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Evidence of a retinotopic organization of early visual cortex but impaired extrastriate processing in sight recovery individuals

Sourav, Suddha and Bottari, Davide and Kekunnaya, Ramesh and Röder, Brigitte Evidence of a retinotopic organization of early visual cortex but impaired extrastriate processing in sight recovery individuals. Journal of Vision, 18 (22). pp. 1-17. ISSN 1534-7362 (2018)

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Numerous studies in visually deprived nonhuman animals have demonstrated sensitive periods for the functional development of the early visual cortex. However, in humans it is yet unknown which visual areas are shaped to which degree based on visual experience. The present study investigated the functional organization and processing capacities of early visual cortex in sight recovery individuals with either a history of congenital cataracts (CC) or late onset cataracts (developmental cataracts, DC). Visual event-related potentials (VERPs) were recorded to grating stimuli which were flashed in one of the four quadrants of the visual field. Participants had to detect rarely occurring grating orientations. The CC individuals showed the expected polarity reversal of the C1 wave between upper and lower visual field stimuli at the typical latency range. Since the C1 has been proposed to originate in the early retinotopic visual cortex, we concluded that one basic feature of the retinotopic organization, upper versus lower visual field organization, is spared in CC individuals. Group differences in the size and topography of the C1 effect, however, suggested a less precise functional tuning. The P1 wave, which has been associated with extrastriate visual cortex processing, was significantly attenuated in CC but not in DC individuals compared to typically sighted controls. The present study thus provides evidence for fundamental aspects of retinotopic processing in humans being independent of developmental vision. We suggest that visual impairments in sight recovery individuals may predominantly arise at higher cortical processing stages.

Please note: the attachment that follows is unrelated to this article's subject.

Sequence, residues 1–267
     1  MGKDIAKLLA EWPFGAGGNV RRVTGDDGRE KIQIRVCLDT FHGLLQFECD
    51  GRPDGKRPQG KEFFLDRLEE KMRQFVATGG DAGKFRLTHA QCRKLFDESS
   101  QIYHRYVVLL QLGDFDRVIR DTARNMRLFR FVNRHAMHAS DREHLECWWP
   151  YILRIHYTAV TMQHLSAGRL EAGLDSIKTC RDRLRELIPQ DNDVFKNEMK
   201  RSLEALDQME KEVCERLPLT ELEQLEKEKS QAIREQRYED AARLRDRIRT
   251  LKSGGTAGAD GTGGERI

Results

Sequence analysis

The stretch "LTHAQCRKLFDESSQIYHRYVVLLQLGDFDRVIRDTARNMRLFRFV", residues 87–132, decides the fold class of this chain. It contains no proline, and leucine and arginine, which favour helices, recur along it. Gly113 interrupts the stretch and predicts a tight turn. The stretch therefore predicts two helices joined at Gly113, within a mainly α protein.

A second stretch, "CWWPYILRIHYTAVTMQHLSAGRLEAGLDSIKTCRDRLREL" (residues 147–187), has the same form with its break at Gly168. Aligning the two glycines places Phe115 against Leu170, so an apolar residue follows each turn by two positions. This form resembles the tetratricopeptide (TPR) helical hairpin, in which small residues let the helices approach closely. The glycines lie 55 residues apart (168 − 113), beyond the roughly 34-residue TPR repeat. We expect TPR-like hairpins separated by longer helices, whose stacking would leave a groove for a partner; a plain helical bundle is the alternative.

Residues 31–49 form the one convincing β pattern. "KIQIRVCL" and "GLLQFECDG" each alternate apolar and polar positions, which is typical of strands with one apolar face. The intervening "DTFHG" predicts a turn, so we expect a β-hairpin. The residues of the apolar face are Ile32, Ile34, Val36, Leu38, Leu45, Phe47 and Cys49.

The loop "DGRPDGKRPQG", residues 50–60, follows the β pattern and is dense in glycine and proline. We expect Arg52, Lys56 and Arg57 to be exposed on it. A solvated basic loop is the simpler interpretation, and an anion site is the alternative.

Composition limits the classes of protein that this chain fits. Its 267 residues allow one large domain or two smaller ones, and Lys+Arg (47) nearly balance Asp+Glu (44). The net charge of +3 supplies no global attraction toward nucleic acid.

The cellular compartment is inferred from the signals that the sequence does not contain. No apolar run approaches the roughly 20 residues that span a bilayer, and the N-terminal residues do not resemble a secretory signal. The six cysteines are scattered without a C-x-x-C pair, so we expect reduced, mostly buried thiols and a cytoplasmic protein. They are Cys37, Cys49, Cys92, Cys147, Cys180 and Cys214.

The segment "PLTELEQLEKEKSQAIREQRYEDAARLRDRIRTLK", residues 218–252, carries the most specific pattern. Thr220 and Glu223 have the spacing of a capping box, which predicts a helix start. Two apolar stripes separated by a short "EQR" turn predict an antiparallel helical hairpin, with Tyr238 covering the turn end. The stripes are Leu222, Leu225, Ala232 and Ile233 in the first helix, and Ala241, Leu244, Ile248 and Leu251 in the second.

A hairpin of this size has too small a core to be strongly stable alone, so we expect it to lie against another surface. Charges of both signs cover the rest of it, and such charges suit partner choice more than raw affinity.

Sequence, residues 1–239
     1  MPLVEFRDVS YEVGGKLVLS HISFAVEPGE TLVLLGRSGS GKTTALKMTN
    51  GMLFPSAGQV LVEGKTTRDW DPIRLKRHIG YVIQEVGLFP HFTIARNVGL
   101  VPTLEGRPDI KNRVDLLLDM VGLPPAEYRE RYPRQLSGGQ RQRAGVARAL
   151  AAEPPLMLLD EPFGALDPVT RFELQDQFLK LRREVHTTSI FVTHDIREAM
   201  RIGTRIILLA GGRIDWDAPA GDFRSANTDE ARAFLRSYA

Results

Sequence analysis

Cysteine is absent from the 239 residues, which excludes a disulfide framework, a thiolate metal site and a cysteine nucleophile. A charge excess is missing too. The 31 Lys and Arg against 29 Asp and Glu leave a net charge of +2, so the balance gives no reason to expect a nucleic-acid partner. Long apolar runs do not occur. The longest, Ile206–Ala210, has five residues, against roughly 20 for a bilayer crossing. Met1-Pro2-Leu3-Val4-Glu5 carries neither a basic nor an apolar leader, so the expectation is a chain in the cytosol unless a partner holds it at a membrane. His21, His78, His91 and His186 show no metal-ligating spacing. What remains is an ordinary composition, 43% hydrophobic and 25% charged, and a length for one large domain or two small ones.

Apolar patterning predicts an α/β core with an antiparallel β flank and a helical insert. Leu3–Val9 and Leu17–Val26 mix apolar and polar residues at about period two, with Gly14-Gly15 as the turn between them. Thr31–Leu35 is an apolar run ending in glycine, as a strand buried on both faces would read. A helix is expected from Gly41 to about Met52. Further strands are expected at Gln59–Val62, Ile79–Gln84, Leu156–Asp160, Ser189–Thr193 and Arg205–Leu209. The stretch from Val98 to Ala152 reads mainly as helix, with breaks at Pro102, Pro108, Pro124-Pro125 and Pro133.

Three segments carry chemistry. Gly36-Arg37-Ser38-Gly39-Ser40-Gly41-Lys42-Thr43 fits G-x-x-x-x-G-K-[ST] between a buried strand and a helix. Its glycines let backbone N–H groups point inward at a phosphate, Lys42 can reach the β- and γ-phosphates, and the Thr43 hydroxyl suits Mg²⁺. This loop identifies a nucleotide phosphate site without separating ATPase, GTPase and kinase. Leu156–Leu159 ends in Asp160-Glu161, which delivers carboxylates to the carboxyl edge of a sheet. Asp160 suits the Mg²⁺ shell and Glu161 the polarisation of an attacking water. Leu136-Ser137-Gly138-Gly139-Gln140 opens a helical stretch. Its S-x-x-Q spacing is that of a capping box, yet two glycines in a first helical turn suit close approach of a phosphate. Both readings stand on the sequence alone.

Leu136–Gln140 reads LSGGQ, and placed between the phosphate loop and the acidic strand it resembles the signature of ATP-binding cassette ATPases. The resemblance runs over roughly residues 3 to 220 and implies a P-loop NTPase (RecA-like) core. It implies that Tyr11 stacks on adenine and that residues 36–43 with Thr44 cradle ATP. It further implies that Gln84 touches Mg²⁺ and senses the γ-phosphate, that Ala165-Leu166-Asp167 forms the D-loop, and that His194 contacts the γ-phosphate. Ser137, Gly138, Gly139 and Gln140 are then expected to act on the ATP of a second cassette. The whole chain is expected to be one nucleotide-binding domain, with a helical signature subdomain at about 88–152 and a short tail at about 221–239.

Item Type: Article
Subjects: R Medicine > RC Internal medicine > RC0321 Neuroscience. Biological psychiatry. Neuropsychiatry
Research Area: Computer Science and Applications
Depositing User: Ms T. Iannizzi
Date Deposited: 09 Apr 2018 07:36
Last Modified: 09 Apr 2018 07:36
URI: http://eprints.imtlucca.it/id/eprint/4068

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